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Making Machine Vision Smarter With AI

April 13, 2020
Q&A with Landing AI's VP of Transformation Dongyan Wang takes a closer look at the challenges and keys to successfully leveraging AI as part of machine vision applications.

It is always exciting to watch emerging technologies evolve into the new normal. The key to this evolution is often rests with the ability to integrate the new offering as part of a proven technology. The adoption of artificial intelligence into machine vision is a prime example.

Read on as Dongyan Wang, vice president of transformation at Landing AI shares his perspective with IndustryWeek.

IW: Are there specific machine vision applications where AI has the biggest impact?

Wang: Visual inspection is an important step for quality control in manufacturing. Yet, many companies still rely on error-prone manual inspection or inflexible rule-based machine vision to find small defects like scratches or dents. 

While traditional machine vision works well on objects with minimal variations, it struggles in situations that have variability or high complexity. Traditional machine-vision solutions such as Automated Optical Inspection (AOI) are based on hard-coded rules or a golden image, which is comparing product images with a standard image without defect. As a result, it is not uncommon to see a rule-based system periodically classify a good part as defective (false positive or overkill) or vice versa, when there is any acceptable variation on the product.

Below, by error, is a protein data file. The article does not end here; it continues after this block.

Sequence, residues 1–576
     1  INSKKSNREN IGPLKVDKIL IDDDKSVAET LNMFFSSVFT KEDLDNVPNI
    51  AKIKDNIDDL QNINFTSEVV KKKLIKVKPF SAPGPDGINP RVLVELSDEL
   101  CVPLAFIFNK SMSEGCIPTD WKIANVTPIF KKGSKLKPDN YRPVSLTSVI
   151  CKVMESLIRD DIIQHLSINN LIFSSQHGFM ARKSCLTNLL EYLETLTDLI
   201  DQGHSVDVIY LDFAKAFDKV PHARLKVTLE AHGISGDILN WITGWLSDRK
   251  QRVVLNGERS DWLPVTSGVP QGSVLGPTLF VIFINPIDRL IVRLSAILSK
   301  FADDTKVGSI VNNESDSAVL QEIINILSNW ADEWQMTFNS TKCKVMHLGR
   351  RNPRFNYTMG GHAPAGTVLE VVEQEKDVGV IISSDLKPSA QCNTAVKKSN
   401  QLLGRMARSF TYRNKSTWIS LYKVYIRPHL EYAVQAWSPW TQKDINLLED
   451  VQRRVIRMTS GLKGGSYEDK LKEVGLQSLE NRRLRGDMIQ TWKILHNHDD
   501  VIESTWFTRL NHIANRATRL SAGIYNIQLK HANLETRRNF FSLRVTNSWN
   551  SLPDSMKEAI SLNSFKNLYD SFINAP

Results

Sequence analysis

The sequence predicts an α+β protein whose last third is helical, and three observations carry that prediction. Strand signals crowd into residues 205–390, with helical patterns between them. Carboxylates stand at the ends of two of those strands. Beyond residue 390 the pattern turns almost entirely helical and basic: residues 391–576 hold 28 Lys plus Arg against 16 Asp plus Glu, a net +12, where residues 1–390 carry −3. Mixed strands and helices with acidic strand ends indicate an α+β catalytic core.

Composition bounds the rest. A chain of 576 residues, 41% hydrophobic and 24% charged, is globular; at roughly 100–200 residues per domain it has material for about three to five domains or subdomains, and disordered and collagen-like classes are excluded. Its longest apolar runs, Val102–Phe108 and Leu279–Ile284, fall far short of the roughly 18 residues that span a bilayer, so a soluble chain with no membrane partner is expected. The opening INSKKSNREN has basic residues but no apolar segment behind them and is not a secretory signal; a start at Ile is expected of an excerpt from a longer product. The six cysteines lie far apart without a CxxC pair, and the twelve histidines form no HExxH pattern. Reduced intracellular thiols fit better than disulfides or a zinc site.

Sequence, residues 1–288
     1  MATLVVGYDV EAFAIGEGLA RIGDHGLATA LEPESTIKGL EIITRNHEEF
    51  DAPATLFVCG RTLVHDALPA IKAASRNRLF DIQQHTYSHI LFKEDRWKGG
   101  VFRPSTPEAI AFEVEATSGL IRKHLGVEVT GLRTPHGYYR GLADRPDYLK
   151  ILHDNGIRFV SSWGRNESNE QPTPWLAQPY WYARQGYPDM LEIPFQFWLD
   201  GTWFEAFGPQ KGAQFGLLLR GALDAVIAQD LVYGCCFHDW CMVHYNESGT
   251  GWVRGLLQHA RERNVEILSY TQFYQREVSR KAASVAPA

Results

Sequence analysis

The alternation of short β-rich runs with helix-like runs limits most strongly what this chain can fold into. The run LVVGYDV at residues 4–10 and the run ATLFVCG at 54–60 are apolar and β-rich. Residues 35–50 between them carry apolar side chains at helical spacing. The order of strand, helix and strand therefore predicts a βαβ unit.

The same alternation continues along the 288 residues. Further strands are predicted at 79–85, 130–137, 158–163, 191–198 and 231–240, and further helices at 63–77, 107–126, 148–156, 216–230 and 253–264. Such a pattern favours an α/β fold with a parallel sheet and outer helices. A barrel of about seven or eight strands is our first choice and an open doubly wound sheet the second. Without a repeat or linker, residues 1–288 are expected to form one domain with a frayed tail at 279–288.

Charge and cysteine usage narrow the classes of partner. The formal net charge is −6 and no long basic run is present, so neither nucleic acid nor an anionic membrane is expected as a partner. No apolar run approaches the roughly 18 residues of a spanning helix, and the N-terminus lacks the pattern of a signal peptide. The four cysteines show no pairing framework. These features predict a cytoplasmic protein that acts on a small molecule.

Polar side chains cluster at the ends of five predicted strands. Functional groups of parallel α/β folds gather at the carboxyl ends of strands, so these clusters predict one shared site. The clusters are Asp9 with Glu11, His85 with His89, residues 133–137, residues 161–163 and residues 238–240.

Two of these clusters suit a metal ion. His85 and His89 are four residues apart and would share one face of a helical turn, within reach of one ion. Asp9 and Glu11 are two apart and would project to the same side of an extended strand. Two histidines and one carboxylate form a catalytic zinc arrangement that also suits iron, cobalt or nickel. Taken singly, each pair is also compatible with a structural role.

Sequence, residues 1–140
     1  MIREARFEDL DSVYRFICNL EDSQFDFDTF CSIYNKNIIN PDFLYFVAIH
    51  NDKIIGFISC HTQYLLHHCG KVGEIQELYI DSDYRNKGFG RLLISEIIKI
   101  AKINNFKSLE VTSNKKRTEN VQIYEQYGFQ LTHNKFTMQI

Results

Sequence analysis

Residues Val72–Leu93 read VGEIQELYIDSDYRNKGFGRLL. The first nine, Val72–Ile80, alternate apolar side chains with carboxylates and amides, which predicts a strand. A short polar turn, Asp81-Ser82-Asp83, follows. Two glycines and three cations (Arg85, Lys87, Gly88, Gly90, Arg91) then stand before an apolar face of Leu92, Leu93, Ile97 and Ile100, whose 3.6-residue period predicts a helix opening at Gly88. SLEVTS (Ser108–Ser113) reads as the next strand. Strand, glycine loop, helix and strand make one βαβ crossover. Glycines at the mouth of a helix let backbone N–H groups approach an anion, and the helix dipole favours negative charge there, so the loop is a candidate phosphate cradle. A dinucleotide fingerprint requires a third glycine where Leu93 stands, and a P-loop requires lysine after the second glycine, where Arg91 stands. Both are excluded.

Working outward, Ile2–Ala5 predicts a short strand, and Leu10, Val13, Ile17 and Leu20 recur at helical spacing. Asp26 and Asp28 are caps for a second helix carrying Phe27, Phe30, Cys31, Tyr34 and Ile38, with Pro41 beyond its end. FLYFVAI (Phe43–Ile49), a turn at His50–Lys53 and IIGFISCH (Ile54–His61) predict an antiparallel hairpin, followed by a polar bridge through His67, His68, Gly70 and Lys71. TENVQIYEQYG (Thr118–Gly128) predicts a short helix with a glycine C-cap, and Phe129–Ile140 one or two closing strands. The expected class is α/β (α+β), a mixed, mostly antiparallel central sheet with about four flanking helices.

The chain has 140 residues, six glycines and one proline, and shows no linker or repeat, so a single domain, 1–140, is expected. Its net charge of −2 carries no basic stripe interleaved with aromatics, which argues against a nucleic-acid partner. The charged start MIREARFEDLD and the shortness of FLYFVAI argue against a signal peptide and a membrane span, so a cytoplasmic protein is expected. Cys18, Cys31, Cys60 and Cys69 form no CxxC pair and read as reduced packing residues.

AI-powered vision detection provides speed, accuracy and repeatability at a lower cost. It excels at tasks like complex cosmetic inspections and segmentations, classification of defects, assembly verification, part location and challenging optical-character recognition. For example, we have demonstrated that AI performs much better than the traditional rule-based machine vision in lowering false positives by as much as 95%. 

IW: What do you see as the keys to successfully leveraging AI as part of a machine vision application?

Wang: There are three keys to successfully leveraging AI as part of a machine vision application.

1. Developing an efficient AI data acquisition and management strategy. A well curated dataset for deep learning training is the foundation for any AI project, so manufacturers need to establish a scalable, ongoing process where they can collect and manage data efficiently. This involves defect image acquisition, defect definition and clarification, data labeling, data verification and synthesizing rare defect data. The higher quality and closer to the real operating conditions your data is, the larger the chances of your project’s success will be.

2. Establishing a robust process to deploy and manage AI in production. Many companies can successfully create a PoC AI model for visual inspection fairly quickly. But the model is typically less than 10% of the overall effort needed for the first deployment. Manufacturers need to have a host of other tools like model monitoring and environment change detection to ensure the successful execution beyonce a PoC. Moreover, it is to the customer's best interest to continue collecting data, especially rare defects, and continuously update and improve the AI performance.